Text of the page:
Last modified: October 26, 2015
Chemicals from the body’s own immune cells can be used to fight diseases. This is called cytokine therapy. The cells help the body in fighting diseases are known as immune cells. These cells communicate through chemical messages that are called cytokines (Cytokine Therapies: Harnessing the Immune System, 2004). Cytokines are actually types of proteins that are secreted in these cells to regulate important cellular reactions such as proliferation and
differentiation (Starr, Wilson, Viney, Murray, & Rayner, 1997), migration and matrix synthesis (Gharaee-Kermani & Phan, 2001)
These signalling molecules of proteins, peptides and glycol-proteins are polypeptide regulators and immune-modulating agents such as interleukins, interferons (Gilman A, 2001) interferon-α interferon-β.P, interferon-γ (IFN-γ), interleukin 1 to interleukin 27, tumor necrosis factor α (TNF-α), tumor necrosis factor-β transforming growth factor-α, transforming growth factor β (TGF-β), and various cell growth factors (Hyron-sha, 2001, 1995, 2003). They are critical to various processes that are fundamental homeostatic as well as patho-physiological including fever, wound healing, inflammation, tissue repair and fibrosis (Gharaee-Kermani & Phan, 2001).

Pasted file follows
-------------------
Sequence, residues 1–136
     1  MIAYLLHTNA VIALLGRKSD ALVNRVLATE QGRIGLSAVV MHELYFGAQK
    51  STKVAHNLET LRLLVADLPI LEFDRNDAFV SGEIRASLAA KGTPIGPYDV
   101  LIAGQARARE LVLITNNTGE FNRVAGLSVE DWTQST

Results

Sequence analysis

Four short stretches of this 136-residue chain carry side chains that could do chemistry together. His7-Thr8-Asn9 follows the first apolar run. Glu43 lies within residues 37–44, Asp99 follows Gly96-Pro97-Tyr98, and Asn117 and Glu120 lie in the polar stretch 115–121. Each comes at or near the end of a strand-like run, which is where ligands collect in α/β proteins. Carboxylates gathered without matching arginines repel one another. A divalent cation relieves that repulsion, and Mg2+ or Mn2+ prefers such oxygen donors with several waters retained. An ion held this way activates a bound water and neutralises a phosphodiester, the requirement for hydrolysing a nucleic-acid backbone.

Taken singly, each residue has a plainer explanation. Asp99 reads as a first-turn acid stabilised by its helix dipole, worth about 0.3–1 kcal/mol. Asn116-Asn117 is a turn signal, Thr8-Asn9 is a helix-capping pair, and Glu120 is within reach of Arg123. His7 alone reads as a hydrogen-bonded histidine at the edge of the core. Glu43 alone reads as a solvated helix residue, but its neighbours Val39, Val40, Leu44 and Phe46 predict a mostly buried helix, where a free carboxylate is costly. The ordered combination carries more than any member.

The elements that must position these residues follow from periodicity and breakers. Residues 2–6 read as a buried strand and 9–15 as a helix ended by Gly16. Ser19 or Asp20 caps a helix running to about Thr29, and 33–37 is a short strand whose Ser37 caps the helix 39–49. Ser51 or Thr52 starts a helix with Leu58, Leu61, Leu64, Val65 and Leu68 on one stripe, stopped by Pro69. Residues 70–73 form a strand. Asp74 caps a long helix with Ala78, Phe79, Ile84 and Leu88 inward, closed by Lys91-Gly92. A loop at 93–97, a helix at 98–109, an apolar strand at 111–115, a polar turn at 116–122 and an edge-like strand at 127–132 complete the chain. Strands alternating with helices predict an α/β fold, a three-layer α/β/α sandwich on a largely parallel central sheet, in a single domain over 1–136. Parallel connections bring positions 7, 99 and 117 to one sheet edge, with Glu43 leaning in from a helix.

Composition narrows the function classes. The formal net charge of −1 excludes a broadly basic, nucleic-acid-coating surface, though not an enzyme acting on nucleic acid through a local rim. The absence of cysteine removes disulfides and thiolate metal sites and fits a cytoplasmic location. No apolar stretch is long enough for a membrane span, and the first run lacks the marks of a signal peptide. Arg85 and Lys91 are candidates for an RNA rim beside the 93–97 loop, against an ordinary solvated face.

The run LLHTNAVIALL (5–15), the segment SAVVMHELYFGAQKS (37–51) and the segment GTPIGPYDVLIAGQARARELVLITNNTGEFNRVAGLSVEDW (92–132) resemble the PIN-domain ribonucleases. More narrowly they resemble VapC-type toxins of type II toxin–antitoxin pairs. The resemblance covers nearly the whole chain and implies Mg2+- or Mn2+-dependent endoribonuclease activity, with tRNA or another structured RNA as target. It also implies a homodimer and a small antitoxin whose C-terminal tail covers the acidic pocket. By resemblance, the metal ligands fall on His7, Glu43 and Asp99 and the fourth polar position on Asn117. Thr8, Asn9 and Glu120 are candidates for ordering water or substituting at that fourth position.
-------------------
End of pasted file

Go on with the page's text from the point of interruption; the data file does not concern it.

Cytokines are produced in nanomolecular concentrations in the cells. By the combination of different cytokines, different responses are produced in the immune system. To illustrate this with an example, interleukin IL-2 stimulates natural killer cells when dispensed in low doses. But when administered in high doses it stimulates CD4+ cells to proliferate if given intermittently but shows no significant outcome if dosed regularly. Consequently, in order to achieve the desired responses, it is imperative to understand the different biological functions of the cytokines and to understand how to exploit them in the best possible manner (Cytokine Therapies: Harnessing the Immune System, 2004).
By utilizing the two characteristics of cytokines in initiating and supplementing immune pathways and dampening these pathways and introducing these chemokines therapeutically, treatments such as immune surveillance and induction of anti-tumor activity could be administered successfully. The practice of using cytokine therapy for the treatment of cancer has gained momentum especially with regard to glioma immunotherapy where cytokines like IL-[82,83], IL-[84,85] and interferons such as IFN,-β, and -) [86-88] are used successfully among others (Ehtesham, Black, & Yu, 2004) and for melanoma that are high-risk metastases or recurrence with interleukin-2, interferon alpha, granulocyte macrophage colony-stimulating factor (GM-CSF) and tumor necrosis factor (TNF-α) (Kalaaji, 2007). At the other end of the scale, cytokine therapies are also extensively used in treating allergies including asthma and allergic rhinitis. Cytokine therapy does not merely lessen or alleviate the symptoms like the antihistamines and corticosteroids, but actively engage in reducing the sensitivity to the specific allergens that are the basis the reaction thereby providing long term relief and benefits from these afflictions (Durham, Walker, & Varga, 1999).
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